Making business trips simple, seamless and aligned to travelers’ preferences requires data. And that data—linked to people, companies and transactions—must be protected. BCD Travel’s Executive Vice President of Technology, Products & Innovation Russell Howell and Chief Information Security Officer Sherron Burgess explain how the travel management company safeguards data streaming through every corporate trip.
What defines BCD Travel’s commitment to data security?
HOWELL: Investment. BCD’s data security team has grown significantly over the last decade. That reflects the changing landscape of technological changes and risks, but it also reflects our global leadership team’s willingness to invest resources in what’s important to our clients and the success of our company.
How do you manage data security amid so much change?
BURGESS: We are strategic, consistent and methodical. We know our rationale—we understand why we’re taking action or making an investment.
What does being ‘strategic, consistent and methodical’ look like?
BURGESS: Our data security strategy follows four tenets: The first is prioritization, which means we invest resources in areas likely to have the greatest positive impact on our business direction and needs. We are data people, so we use a prioritization metric to calculate the potential impact. Second, we do the basics well. That means we approach policies, compliance, training and technological controls in a consistent way time after time.
Our third tenet is what we call ‘smart enhancement.’ We use findings from our regular and comprehensive audits to guide where we need to improve. Finally, our fourth tenet is to manage potential threats by focusing on governance, risk and compliance [GRC], a structured approach that aligns information technology with business goals to mitigate risk.
HOWELL: We use our four-tenet methodology to help customers assess their technology and data security priorities, too. When we see risks trending in particular markets, we share that information with clients and explain why they may want to beef up their protections.
How do ISO certifications and audits factor into your approach to data security?
HOWELL: We use independent auditors and assessors to validate that we are using best practices and continually improving. We meet ongoing standards. These are not point-in-time assessments.
What are some of BCD’s key audits and certifications?
BURGESS: ISO 27001:2013 Information Security Management System [ISMS] certification demonstrates that BCD follows information security best practices. Our data centers are ISO 9001:2008 and ISO 27001:2013 certified for security, redundancy and disaster recovery controls.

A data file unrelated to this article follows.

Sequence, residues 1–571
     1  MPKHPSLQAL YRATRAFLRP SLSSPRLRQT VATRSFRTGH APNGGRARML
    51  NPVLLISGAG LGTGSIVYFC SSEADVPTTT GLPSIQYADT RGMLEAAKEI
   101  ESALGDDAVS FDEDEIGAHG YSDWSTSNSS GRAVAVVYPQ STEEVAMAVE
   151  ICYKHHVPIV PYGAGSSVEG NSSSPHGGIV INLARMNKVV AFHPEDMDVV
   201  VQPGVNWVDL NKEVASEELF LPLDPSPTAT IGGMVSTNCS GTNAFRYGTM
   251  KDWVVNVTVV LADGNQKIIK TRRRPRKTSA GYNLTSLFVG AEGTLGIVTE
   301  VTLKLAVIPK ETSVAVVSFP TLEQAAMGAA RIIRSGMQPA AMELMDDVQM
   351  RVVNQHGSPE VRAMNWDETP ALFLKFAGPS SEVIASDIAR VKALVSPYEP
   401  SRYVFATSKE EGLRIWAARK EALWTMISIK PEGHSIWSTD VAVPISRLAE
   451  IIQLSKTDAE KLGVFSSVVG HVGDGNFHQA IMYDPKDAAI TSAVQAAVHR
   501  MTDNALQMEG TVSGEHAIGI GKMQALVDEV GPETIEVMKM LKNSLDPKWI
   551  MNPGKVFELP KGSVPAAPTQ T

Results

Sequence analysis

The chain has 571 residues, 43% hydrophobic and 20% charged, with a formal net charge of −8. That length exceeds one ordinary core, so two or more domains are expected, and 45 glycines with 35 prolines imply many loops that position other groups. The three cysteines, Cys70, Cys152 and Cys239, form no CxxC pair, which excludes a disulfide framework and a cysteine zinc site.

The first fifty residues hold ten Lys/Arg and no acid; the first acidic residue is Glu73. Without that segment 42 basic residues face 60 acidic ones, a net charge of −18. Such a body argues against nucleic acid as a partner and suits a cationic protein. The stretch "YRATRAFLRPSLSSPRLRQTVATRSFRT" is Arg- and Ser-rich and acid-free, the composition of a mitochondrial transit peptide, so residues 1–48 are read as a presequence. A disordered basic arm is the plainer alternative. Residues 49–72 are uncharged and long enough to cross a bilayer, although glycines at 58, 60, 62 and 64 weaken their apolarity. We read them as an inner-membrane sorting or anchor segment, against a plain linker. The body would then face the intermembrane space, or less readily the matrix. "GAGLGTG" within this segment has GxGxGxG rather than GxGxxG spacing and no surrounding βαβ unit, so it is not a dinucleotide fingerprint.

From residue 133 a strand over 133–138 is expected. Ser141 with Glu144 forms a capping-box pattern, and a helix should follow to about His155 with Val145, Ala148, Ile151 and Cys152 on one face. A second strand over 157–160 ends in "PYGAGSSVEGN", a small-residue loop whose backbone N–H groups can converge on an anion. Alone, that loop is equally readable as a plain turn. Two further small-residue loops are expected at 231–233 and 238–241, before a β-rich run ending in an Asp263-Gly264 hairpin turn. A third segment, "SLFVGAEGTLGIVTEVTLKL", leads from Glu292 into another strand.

The SSAE18 SOC 1 Type 2 Audit primarily applies to our U.S. financial operations, but it covers information security as part of control activities.
Our Payment Card Industry Data Security Standard [PCI DSS] certificate validates that we have complied with requirements for protecting cardholder data and includes vulnerability scans of our networks. ISO 14001:2015 Environmental Management System [EMS] validates progress on our sustainability commitments.
ISO 9001:2008 Quality Management System [QMS] certifies that BCD has some of the highest-quality data in the industry. The certification covers bookings and reservations, as well as the customer data we collect, including from third parties. We have a proprietary, standalone Global Data Quality Tool that does a check on all data coming in before it goes to the database. If the data does not pass quality standards set by ourselves and our clients, it gets sent back to the data provider to correct. Our quality control ensures we input clean data so reliable reports come out the other side.
Why is data quality so important to BCD and your clients?
HOWELL: Our value proposition is rooted in innovation, partnership and simplicity. Data is essential to delivering on all of these commitments to clients. Our customers rely on the data we provide to make crucial business decisions, so it has to be of the highest quality. It must produce reliable insights that our clients can act on with confidence. Our commitment to data quality is reflected in the ISO:9001 certification of our data quality processes. It’s our understanding that we are the only TMC to have attained this.
Has the European Union’s General Data Protection Regulation (GDPR) changed BCD’s approach to data security and individual privacy?
BURGESS: Privacy is a big challenge, but it’s not a new one. We are a European-owned company, and strict privacy laws have shaped our data security standards for years. GDPR is just another evolution of that.
What are the biggest data security challenges facing the business travel industry today?
HOWELL: Social engineering, where fraudsters use confidence schemes—even low-tech ones—to gain information, is a problem for all TMCs and corporate travel programs. Bad guys target travel because we have a lot of processes and our operations are complex. That’s why we are so dedicated to consistency and methodology. When you have a set way of doing things, it’s much easier to spot inconsistencies and outliers.